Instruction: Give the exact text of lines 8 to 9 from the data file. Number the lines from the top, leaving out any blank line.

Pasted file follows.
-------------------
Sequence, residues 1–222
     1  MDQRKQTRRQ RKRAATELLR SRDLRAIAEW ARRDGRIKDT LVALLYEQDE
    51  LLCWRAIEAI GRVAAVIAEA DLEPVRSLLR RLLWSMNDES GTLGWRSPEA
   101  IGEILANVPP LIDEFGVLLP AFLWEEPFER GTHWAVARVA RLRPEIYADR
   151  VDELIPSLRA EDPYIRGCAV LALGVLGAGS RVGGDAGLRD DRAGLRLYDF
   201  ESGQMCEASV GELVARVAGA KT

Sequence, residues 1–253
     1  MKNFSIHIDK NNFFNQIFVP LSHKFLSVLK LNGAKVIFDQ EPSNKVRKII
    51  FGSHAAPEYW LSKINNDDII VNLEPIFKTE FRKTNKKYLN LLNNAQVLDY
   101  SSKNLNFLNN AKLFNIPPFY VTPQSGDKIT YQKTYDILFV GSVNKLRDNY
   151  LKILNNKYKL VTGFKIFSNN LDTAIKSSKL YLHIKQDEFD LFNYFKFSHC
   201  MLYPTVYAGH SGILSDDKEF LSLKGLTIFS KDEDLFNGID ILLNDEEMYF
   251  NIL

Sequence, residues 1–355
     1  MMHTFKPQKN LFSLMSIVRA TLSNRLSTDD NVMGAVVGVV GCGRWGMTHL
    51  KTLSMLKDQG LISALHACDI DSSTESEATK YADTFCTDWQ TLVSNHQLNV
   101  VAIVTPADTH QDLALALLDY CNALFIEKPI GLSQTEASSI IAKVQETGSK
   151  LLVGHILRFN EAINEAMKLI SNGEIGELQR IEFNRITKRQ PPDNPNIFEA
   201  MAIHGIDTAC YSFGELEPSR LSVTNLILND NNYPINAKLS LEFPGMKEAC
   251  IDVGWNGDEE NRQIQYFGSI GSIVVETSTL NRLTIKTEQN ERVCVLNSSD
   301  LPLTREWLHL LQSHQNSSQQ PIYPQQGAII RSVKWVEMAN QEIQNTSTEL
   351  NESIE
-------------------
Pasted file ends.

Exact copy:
     1  MKNFSIHIDK NNFFNQIFVP LSHKFLSVLK LNGAKVIFDQ EPSNKVRKII
    51  FGSHAAPEYW LSKINNDDII VNLEPIFKTE FRKTNKKYLN LLNNAQVLDY